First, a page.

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Consider the function $$F(s)=\int_{1}^{\infty}\frac{\text{Li}(x)}{x^{s+1}}dx$$ where $\text{Li}(x)=\int_2^x \frac{1}{\log t}dt$ is the logarithmic integral. What is the series expansion around $s=1$?

It has a logarithmic singularity at $s=1$, and I am fairly certain (although I cannot prove it) that it should expand as something of the form $$\log (1-s)+\sum_{n=0}^\infty a_n (s-1)^n.$$ (An expansion of the above form is what I am looking for) I also have a guess that the constant term is $\pm \gamma$ where $\gamma$ is Euler's constant. Does anyone know a concrete way to work out such an expansion?


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Are we allowed to make the integral defining $F$ start at $x=2$ (as in the Li function) or are you only interested in the case when it starts at $x=1$? – Did Nov 12 '11 at 16:05
@DidierPiau: I don't think it should make much of a different, but I am interested in both. – Eric Naslund Nov 12 '11 at 16:44

1 Answer 1

up vote 5 down vote accepted

Note that the integral $F(s)$ diverges at infinity for $s\leqslant1$ and redefine $F(s)$ for every $s\gt1$ as $$ F(s)=\int\limits_2^{+\infty}\frac{\text{Li}(x)}{x^{s+1}}\mathrm dx. $$ An integration by parts yields $$ F(s)=\frac1s\int\limits_2^{+\infty}\frac{\mathrm dx}{x^s\log x}, $$ and the change of variable $x^{s-1}=\mathrm e^t$ yields $sF(s)=G((s-1)\log2)$ with $$ G(z)=\int\limits_z^{+\infty}\mathrm e^{-t}\frac{\mathrm dt}t. $$ For every $z\leqslant1$, $$ G(z)=-\log(z)-\int\limits_z^{1}(1-\mathrm e^{-t})\frac{\mathrm dt}t+\int\limits_1^{+\infty}\mathrm e^{-t}\frac{\mathrm dt}t. $$ Thus $F(s)=-\log(s-1)+H(s-1)$ where $H(z)$ can be expanded as a series in $z^n$ and $z^n\log(z)$ for nonnegative $n$, and $$ H(0)=-\int\limits_0^{1}(1-\mathrm e^{-t})\frac{\mathrm dt}t+\int\limits_1^{+\infty}\mathrm e^{-t}\frac{\mathrm dt}t=-\mathrm{Ein}(1)+\mathrm{E}_1(1)=-\gamma, $$ where $\mathrm{Ein}$ and $\mathrm{E}_1$ are related to the exponential integral function. More generally, $$ G(z)=-\log(z)-\mathrm{Ein}(z)+\mathrm{E}_1(1)=-\log(z)-\gamma+\mathrm{Ein}(1)-\mathrm{Ein}(z), $$ with $$ \mathrm{Ein}(z) = \sum\limits_{k=1}^\infty \frac{(-1)^{k+1}}{k\,k!}z^k. $$ Finally, using the expansion $\dfrac1s=\sum\limits_{n=0}^{+\infty}(-1)^n(s-1)^n$, one gets $$ F(s)=-\log(s-1)+\sum\limits_{n=1}^{+\infty}(-1)^{n+1}(s-1)^n\log(s-1)-\gamma+\sum\limits_{n=1}^{+\infty}c_n(s-1)^n, $$ for some coefficients $(c_n)_{n\geqslant1}$. Due to the log terms, this is a slightly more complicated expansion than the one suggested in the question, in particular $s\mapsto F(s)+\log(s-1)$ is not analytic around $s=1$.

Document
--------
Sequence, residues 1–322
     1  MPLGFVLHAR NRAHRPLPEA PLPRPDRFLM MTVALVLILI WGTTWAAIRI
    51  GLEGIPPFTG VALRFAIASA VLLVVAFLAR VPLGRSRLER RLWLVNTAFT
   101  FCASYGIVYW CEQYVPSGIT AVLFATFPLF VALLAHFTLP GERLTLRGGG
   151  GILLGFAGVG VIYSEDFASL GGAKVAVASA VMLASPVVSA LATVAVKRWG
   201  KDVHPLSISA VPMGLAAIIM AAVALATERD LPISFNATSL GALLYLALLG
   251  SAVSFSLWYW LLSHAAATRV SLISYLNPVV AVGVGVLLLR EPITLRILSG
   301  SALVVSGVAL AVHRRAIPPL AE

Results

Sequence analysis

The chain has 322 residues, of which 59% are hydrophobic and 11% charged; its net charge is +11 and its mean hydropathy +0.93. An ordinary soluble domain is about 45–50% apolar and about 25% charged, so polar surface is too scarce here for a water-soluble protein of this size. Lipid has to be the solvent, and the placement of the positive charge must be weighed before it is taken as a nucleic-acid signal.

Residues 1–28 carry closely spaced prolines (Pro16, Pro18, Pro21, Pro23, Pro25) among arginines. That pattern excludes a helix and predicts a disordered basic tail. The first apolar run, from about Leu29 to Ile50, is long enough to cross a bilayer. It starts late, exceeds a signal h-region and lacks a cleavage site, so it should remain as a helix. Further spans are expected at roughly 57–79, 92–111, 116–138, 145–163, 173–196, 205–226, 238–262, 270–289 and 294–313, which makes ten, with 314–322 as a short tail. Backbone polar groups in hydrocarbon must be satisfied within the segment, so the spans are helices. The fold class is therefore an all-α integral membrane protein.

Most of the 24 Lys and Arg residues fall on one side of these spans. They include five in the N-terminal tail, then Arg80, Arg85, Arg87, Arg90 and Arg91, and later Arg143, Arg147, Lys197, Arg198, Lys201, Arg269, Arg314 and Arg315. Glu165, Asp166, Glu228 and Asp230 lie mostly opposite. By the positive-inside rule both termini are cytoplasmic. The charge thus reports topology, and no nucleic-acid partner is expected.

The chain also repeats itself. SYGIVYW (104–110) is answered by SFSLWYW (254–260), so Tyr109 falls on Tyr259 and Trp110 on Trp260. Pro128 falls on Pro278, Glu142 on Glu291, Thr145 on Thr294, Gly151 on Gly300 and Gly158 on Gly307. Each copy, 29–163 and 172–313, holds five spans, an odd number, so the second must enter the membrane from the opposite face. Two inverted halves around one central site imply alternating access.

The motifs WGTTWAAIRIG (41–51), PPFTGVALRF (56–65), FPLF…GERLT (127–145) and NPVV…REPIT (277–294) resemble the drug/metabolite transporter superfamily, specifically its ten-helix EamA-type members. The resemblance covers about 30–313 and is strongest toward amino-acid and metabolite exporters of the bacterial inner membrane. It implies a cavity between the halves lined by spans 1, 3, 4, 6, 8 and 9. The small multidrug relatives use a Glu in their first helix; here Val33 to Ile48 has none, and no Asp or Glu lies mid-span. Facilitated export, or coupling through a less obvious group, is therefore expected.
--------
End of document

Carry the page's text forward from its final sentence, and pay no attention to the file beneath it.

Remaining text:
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I think this is what was looking for. I am pretty sure that starting from $1$ might clean it up more. – Eric Naslund Nov 12 '11 at 18:08
Thanks. Corrected a typo. – Did Nov 12 '11 at 20:38

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